By Anastasia Ovchinnikova

8 Things you need to know about Vegan Leather

Vegan leather has come a long way to become what it is today. Although we’ve all seen vegan leather on ads and social media and we’ve certainly heard about it: where does vegan leather come from? And what is it made of? These are some common questions.
Keep reading; this article answers some of the key questions about vegan leather.

Reference: This post is made through content from Renoon Retalks (IGTV) and with our partner Immaculate Vegan

The term “vegan leather” is a catch-all term to signify any leather that does not come from an animal. Simply put, any leather that is not animal-based is vegan. Today, vegan leather can come from natural, plant-derived sources such as pineapple leaves, apples, cactuses, coconuts, cork, mushrooms and bio-oils from cereal crops.

But exciting as this innovation is, it can also be also very puzzling: does vegan leather perform like animal-based leather? Is it durable? How does vegan leather even work? Is vegan leather plastic?

Stay here, to find out the answers to the most frequent questions.

Here is all you need to know about vegan leather.

Image: Model carrying a vegan leather bag

#1 Is vegan leather durable?

Vegan leather definitely has evolved and progressed other the years. Companies whose main ethos is slow fashion made vegan leather durability one of those factors that stands out about the new crop of resistant vegan leathers making them as long-lasting as possible. The Brazilian company Ananas Anam, who uses pineapple leather Piñatex which is known for its durability sets an example.

#2 Is vegan leather plastic?

It can certainly be – PVC and PU vegan leathers still exist today. As mentioned, today’s vegan leathers can be made from pineapple leaf fibres, apples, grapes (waste from the apple juice and wine industries), coconuts, mushrooms, cork and other plant-based sources.

Nevertheless, plastic can still be involved, as some of these materials have a coating made from synthetic substances – but this can be the case with animal leathers too.

Alternatives such as the mango leather created by Dutch company FruitLeather Rotterdam can be made from up to 90% fruit! In addition, some vegan brands use a plant-based plastic made from biopolyoils from cereal crops which are biodegradable.

#3 Is vegan leather good in quality?

From high-street to low-cost brands that may focus on other factors over quality, the quality of vegan leather varies widely.

Jessica Kruger, the founder of Luxtra, says: “The vegan leathers we use are made by companies that have decades of textile and manufacturing experience. Aside from being rigorously tested across a spectrum of technical qualities (abrasion, strength, stretch etc) they are beautifully finished, as only the Italians know how!”

#4 Is vegan leather good for the planet?

Traditionally produced vegan leather, made from plastic polymers, are no friend to the environment as they don’t biodegrade and also release microplastics into the waterways. Good news is that plant-based leathers are much kinder to the planet! Vegan materials require fewer chemicals than plastic and are less polluting of waterways and soil (some are also biodegradable!).

#5 How to clean and care for vegan leather?

Vegan leather is relatively easy to clean. Often, just wiping with a damp cloth is enough, while other times a mild detergent will do the job.

Tip: using a colourless wax keeps pineapple leather Piñatex looking hydrated and fresh.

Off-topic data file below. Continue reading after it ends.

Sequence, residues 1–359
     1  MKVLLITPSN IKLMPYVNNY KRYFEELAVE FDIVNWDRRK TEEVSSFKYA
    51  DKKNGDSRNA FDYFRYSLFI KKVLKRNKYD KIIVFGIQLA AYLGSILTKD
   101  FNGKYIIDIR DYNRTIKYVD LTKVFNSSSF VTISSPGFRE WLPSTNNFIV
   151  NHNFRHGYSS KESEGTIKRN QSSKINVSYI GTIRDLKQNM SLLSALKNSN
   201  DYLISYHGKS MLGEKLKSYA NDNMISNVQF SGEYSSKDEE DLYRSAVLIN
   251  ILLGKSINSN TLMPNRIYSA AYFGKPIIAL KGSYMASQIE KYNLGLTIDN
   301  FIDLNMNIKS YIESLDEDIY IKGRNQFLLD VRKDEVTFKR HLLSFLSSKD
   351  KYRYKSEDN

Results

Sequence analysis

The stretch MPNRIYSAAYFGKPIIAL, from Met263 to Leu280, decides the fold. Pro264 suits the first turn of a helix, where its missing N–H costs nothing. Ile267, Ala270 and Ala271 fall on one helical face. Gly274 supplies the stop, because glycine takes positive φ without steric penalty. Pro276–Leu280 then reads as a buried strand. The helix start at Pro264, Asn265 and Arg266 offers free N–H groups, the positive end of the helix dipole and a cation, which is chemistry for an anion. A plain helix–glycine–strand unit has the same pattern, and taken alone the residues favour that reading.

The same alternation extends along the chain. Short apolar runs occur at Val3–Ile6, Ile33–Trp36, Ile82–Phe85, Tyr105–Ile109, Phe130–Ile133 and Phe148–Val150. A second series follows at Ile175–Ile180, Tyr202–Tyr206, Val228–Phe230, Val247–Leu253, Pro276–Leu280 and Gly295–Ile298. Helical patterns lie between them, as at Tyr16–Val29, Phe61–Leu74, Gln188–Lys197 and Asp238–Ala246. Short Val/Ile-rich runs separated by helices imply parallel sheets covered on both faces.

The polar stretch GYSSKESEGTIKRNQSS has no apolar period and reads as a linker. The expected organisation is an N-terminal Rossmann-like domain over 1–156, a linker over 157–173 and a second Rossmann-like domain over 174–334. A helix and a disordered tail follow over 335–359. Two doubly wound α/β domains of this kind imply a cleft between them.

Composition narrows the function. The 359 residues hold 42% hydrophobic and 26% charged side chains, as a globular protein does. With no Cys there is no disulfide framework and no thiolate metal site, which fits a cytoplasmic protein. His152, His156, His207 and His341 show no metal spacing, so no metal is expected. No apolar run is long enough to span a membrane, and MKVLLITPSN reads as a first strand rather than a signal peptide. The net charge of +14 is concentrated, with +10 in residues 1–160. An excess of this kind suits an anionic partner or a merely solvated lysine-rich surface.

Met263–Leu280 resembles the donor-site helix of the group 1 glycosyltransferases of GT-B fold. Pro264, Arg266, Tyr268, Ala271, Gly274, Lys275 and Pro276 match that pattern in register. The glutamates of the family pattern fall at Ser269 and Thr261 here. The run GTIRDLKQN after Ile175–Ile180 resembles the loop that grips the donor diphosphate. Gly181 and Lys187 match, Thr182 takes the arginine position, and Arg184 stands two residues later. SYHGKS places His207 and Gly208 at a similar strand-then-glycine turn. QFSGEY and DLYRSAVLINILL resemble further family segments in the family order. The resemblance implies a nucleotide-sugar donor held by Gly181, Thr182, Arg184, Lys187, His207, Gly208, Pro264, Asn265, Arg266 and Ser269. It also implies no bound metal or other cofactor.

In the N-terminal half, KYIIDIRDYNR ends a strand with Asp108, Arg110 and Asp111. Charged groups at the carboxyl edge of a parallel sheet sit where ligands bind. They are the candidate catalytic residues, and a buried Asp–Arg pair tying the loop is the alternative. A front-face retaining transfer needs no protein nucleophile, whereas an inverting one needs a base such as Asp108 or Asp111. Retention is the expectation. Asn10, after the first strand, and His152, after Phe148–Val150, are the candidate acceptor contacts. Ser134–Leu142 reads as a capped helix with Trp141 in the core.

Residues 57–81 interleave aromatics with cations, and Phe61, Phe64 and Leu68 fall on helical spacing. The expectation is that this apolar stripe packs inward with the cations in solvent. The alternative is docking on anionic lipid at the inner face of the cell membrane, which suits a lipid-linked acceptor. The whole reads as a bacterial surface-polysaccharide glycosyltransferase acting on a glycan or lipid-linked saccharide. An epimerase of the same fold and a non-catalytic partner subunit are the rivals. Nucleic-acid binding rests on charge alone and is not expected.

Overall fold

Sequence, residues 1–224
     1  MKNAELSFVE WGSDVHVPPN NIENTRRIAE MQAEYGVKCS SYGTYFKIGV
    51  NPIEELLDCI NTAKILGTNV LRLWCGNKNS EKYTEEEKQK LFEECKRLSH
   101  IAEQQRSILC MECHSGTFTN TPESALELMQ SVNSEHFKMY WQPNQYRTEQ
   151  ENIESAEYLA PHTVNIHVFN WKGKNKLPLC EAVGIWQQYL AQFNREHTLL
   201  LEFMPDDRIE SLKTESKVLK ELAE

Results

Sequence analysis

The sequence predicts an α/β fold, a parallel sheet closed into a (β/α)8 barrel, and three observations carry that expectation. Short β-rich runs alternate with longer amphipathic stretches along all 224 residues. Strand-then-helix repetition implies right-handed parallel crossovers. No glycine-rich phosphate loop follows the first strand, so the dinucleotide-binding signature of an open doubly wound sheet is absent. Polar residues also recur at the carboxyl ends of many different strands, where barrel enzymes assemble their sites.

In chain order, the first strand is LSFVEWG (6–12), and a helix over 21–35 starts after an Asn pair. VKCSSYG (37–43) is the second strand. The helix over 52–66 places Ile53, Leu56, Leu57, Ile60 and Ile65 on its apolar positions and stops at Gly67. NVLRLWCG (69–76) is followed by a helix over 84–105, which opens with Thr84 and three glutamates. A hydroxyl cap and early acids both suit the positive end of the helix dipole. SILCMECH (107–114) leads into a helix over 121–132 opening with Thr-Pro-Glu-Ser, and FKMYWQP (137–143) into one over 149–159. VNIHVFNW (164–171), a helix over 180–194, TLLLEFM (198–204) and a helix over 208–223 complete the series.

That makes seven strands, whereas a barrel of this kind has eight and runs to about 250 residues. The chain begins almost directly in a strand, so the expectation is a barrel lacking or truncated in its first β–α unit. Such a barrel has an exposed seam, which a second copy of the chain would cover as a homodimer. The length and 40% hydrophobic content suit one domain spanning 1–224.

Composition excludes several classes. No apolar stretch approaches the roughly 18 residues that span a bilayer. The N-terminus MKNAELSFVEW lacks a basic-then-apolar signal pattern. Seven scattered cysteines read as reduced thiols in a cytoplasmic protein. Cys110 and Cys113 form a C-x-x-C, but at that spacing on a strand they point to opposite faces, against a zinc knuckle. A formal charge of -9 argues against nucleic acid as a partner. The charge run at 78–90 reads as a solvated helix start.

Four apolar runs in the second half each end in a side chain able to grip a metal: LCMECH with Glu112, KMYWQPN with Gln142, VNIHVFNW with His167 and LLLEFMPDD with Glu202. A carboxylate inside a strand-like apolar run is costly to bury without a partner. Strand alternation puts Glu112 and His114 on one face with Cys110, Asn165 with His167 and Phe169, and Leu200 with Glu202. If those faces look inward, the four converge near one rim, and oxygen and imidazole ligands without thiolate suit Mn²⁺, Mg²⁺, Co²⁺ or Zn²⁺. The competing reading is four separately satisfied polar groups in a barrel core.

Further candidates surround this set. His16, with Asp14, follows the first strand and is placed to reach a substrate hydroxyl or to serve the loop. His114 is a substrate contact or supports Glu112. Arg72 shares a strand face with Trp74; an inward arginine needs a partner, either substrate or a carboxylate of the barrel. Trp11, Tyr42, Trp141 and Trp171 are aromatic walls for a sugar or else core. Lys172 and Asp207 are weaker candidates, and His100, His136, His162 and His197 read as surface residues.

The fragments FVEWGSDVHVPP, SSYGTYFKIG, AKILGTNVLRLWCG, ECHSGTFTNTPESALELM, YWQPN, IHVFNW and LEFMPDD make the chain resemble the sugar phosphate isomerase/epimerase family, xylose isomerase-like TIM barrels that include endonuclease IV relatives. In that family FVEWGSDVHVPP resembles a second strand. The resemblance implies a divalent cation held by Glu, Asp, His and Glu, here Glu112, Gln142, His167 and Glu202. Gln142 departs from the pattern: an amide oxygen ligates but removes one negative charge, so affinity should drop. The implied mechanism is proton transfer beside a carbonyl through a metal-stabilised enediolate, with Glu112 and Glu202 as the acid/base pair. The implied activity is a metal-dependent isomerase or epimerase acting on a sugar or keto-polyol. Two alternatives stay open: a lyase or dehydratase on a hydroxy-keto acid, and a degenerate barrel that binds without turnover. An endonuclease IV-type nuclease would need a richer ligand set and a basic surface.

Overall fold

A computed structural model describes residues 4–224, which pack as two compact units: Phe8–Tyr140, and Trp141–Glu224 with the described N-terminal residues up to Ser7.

#6 Is vegan leather waterproof?

Good news: vegan leather is very frequently waterproof. This is the upside of it either being made of, or being finished with, synthetics. Where animal leather might require waterproofing sprays, traditionally made vegan leather rarely does.

Piñatex, for example, is water-resistant, if not entirely waterproof. In addition, many brands are using cork to create vegan leather which offer waterproof products. Coconut leather are also waterproof.

#7 Can vegan leather be repaired?

If your vegan accessories crack, don’t despair: all is not lost. Sometimes, vegan leather products can be repaired and given a new life. Repair kits specifically dedicated to vegan leather can be effective, as can mending products for leather that are made for furniture.

Tip 1:  Quick and easy way to fix flaking faux leather is to peel away the flakes and use leather paint in a matching colour to cover up the damage.

Tip 2: To avoid them getting ruined in the first place. Apply coconut on your vegan leather to keep it from cracking – think of it as sunscreen for your vegan leather.

#8 Does vegan leather biodegrade?

This depends on the kind of vegan leather in question.

If we’re talking about PVC or polyurethane leather, then the very issue about them is that they do not biodegrade. Although those made from biopolyoils (plant-based sources) do biodegrade which is great news.

And once again – plant leathers to the rescue. For example, some apple leather is 100% biodegradable. Cork, perhaps the most eco-friendly leather there is, also biodegrades, as does Svala.

The bottom line

Vegan leather is available in a variety of options, and different things may be true for different materials. Vegan leather can contain PVC as a coating or mixed with the material to create waterproof features, even so, vegan leather is kind to the planet. One thing is certain, as far as innovation goes, vegan leather will carry on improving to become an environmentally friendly product that everyone must-have.

Even if you are not vegan, give it a try!

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Image: vegan leather bag form Immaculate Vegan

Reference: This post is made through content from Renoon Retalks (IGTV) and with our partner Immaculate Vegan

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